The premise which aims to resurrect Cold War tensions and graft them onto a modern-day spy thriller is absurdly clever — and cleverly absurd. But Kurt Wimmer’s screenplay isn’t satisfied with the merely clever and absurd — it must be mind-blowing. Salt is one of those thrillers that ladles out its backstory slowly and in tiny portions every once in a while dropping a revelatory bombshell that effectively blows the lid off everything that happened beforehand. No one is who they seem and every action every gesture no matter how seemingly trivial is imbued with some kind of grand significance. The effect of piling on one insane twist after another has the effect of gradually diluting the narrative. When anything is possible nothing really matters.
But spy thrillers by definition trade in the preposterous and the principal function of the summer blockbuster is to entertain. In that regard Salt more than fulfills its charge. Noyce wisely keeps the story moving at pace that allows little time for asking uncomfortable questions or poking holes in the film’s frail plot. And he has an able partner in the infinitely versatile Jolie who having already exhibited formidable action-hero chops in Wanted and the Tomb Raider films proves remarkably adept at the spy game as well.
It’s well-known that Jolie wasn’t the first choice to star in Salt joining the project only after Tom Cruise dropped out citing the story’s growing similarities to the Mission: Impossible films. But she’s more than just a capable replacement; she’s a welcome upgrade over Cruise not least because she’s over a decade younger (and a few inches taller) than her predecessor. Should Brad Bird require a pinch-hitter for Ethan Hunt he knows where to look.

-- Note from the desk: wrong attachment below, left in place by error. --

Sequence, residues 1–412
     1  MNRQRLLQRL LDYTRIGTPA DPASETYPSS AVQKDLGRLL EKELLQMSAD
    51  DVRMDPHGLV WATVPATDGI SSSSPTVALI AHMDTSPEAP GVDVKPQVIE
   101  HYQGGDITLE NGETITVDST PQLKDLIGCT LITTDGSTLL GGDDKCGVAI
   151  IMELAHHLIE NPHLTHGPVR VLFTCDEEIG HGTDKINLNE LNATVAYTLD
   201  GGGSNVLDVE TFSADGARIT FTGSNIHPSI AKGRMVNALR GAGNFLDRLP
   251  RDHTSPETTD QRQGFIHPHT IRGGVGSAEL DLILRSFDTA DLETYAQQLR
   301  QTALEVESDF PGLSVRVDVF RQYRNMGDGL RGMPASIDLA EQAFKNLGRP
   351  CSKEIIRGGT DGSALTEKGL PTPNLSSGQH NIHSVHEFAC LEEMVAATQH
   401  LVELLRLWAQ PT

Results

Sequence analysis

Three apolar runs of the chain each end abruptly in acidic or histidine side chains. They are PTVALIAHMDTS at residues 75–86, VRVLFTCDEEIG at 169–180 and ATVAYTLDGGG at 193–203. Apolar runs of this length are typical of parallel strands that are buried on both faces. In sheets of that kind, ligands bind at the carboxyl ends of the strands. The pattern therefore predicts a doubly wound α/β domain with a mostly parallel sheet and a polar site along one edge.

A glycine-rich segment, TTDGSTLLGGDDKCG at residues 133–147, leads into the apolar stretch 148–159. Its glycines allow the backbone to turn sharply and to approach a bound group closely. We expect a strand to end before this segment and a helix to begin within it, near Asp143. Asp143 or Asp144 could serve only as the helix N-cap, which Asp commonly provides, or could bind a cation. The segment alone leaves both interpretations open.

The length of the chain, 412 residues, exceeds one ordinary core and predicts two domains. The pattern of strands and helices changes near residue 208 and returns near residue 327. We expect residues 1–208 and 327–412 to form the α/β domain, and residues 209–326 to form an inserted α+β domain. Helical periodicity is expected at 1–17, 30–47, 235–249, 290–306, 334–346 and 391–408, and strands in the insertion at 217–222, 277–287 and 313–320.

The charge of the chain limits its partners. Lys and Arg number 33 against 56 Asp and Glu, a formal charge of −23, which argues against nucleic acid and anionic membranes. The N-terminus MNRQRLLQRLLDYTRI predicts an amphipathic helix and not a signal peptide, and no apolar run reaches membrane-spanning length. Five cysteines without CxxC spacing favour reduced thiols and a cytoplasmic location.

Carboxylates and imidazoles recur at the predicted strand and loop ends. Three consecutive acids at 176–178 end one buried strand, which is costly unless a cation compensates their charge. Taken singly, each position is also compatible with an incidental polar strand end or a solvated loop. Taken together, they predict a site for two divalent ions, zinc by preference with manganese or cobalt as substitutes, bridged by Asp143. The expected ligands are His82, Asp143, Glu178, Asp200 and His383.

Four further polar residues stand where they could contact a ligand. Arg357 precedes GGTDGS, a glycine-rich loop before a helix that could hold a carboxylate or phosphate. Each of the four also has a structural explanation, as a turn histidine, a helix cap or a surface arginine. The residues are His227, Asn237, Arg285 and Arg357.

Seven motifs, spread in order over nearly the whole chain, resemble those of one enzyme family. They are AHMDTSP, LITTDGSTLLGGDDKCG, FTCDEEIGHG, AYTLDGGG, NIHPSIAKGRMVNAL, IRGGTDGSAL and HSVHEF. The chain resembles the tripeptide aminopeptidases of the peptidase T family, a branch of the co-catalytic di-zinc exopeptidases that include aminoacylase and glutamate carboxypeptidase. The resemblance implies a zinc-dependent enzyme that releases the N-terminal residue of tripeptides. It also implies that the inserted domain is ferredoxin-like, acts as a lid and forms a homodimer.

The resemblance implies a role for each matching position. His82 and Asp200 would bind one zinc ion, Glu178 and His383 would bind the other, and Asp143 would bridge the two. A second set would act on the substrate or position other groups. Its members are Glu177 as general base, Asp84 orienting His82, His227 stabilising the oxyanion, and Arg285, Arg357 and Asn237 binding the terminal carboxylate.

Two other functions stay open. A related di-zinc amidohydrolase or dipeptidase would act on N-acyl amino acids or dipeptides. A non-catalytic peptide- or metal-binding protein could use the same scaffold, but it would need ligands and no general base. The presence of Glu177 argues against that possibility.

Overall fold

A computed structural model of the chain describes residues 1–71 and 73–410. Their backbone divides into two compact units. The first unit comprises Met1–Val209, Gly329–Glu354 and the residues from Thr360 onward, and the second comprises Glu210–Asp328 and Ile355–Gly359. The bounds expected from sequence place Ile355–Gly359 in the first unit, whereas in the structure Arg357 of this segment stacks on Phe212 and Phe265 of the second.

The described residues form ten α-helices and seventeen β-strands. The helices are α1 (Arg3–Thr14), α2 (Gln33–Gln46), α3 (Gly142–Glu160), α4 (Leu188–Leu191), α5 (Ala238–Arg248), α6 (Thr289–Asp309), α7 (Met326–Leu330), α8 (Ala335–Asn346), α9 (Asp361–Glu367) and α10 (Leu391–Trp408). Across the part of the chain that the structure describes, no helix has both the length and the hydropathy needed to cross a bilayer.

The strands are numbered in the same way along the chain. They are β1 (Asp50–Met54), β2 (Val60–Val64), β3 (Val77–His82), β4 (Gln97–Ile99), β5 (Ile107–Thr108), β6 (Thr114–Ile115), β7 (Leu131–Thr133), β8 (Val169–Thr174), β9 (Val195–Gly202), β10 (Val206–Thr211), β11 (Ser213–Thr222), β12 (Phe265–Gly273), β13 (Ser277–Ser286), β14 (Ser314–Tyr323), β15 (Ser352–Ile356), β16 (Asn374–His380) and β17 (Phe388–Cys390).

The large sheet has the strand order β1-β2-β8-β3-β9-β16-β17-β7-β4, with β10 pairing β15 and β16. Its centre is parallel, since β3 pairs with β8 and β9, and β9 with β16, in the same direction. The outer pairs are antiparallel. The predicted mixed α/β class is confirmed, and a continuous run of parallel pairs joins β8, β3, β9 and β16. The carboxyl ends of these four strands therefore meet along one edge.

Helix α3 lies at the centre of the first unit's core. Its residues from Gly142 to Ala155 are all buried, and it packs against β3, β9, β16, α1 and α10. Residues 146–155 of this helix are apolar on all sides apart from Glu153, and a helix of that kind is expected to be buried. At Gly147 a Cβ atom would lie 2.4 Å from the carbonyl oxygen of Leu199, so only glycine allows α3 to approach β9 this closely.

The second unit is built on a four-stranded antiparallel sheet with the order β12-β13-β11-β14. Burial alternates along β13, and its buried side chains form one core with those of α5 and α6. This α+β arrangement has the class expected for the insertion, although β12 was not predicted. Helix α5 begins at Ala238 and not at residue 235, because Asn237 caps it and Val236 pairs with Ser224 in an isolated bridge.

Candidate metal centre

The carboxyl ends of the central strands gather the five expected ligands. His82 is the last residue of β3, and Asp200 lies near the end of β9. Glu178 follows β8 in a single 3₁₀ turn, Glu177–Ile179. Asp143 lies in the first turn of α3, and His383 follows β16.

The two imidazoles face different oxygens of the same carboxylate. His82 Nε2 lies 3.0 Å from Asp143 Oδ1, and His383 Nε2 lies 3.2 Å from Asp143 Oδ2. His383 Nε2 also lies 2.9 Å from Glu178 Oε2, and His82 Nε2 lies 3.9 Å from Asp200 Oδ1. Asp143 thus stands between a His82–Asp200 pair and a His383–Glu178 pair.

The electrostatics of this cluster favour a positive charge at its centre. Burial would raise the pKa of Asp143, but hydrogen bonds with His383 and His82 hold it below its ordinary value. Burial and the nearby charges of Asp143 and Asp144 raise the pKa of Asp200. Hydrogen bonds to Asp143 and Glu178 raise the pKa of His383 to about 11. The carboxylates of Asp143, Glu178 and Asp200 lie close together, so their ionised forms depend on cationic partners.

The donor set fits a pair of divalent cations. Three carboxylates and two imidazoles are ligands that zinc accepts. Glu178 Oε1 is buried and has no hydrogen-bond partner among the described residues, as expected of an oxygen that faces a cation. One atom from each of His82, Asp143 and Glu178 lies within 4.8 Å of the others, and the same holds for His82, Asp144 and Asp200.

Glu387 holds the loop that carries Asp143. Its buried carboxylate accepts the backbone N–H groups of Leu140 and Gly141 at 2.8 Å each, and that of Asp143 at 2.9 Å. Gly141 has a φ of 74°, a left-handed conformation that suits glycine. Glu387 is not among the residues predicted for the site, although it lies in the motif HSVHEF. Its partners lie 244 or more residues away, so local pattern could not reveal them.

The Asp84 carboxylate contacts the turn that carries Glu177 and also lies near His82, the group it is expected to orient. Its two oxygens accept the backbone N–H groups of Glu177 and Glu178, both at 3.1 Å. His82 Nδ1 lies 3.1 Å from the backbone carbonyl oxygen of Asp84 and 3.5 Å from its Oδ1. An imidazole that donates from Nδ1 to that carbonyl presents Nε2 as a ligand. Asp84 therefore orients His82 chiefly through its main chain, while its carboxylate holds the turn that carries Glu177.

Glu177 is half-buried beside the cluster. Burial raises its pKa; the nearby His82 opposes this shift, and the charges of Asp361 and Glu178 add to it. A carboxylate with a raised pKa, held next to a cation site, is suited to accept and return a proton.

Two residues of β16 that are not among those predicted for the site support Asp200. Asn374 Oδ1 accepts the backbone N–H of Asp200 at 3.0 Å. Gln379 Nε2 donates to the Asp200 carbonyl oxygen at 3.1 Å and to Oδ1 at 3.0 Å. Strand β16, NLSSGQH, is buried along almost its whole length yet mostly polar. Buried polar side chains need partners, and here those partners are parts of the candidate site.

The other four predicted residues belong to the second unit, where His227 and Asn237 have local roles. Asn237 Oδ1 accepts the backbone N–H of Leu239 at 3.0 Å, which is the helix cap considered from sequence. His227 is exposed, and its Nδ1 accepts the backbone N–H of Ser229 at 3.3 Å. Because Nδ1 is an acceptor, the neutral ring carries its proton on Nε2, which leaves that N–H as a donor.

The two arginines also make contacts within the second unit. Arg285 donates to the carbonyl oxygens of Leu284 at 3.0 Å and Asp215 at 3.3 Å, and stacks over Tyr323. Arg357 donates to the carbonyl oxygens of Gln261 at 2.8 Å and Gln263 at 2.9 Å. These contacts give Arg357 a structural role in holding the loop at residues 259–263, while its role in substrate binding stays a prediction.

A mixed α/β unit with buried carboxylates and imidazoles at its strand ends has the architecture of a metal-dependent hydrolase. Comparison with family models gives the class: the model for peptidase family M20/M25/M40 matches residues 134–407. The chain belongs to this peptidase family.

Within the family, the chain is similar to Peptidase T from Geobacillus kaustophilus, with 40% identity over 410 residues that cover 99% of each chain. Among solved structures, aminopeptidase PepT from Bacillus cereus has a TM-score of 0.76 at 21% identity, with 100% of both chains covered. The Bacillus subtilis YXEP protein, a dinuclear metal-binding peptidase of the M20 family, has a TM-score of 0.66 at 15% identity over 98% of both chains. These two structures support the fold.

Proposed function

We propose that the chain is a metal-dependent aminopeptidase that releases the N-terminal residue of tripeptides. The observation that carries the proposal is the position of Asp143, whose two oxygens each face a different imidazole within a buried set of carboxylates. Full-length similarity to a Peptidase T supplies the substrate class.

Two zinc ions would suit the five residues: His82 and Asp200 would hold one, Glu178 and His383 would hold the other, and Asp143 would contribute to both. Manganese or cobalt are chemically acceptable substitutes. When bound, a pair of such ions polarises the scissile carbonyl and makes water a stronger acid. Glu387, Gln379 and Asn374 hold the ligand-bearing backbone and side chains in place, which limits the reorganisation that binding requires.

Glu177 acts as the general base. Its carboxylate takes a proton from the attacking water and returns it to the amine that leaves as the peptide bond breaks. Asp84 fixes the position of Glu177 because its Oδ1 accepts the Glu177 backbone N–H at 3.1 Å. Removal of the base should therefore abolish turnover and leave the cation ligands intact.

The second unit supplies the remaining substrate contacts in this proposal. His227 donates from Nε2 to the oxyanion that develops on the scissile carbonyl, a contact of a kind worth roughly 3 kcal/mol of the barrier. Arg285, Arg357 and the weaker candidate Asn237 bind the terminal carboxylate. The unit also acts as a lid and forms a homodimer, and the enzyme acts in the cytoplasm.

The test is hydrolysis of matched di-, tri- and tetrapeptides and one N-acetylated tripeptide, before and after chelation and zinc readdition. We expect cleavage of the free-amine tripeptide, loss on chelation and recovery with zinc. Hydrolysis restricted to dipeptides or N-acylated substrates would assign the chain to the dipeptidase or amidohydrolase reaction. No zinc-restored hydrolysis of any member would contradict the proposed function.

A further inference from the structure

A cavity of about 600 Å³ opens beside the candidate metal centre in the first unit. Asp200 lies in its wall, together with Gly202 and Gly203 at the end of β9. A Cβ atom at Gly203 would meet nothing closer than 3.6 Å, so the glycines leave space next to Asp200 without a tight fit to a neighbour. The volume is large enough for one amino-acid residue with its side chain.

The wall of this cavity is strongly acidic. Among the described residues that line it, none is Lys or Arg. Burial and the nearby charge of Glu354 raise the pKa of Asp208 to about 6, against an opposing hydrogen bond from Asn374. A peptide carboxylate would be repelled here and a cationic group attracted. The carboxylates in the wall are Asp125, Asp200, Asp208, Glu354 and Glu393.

Top Story: Paris Hilton Videotape Leaked
Paris Hilton, heir to the Hilton hotel fortune and star of Fox's upcoming reality series The Simple Life, is trying to stop the distribution of a homemade video that reportedly features her having sex with Rick Solomon, who went on to marry former Charmed star Shannen Doherty in 2002. Hilton's spokesperson Siri Garber told The Associated Press the tape was made three years ago while Solomon and Hilton were dating. "Not everybody indulges in that, but couples do it sometimes and it's just for themselves, for fun. She never intended for it to be seen by anybody other than the two of them," Garber said. An unidentified person reportedly distributed the video to some gossip columnists and Hilton's lawyers are trying to determine whether Solomon, 33, was involved in releasing the tape. Solomon, who owns a clothing and DVD company that distributes amateur party videos of scantily clad women, has supposedly split with Doherty but the status of their relationship is unclear, the AP reports.
LAPD Fires Celeb-Tracking Officer
The Los Angeles Police Department has fired a police officer who used department computers to review confidential records on celebrities, including Halle Berry, Jennifer Aniston and Dylan McDermott, the AP reports. Officer Kelly Chrisman, who was fired Oct. 27, said his superiors assigned him to look up the information as part of a project to map celebrity homes to help monitor potential stalkers, but the LAPD says no such project existed. Investigators say they do not know what Chrisman, 35, did with the information he accessed between 1994 and 2000.
Critics of Gibson's Passion Harassed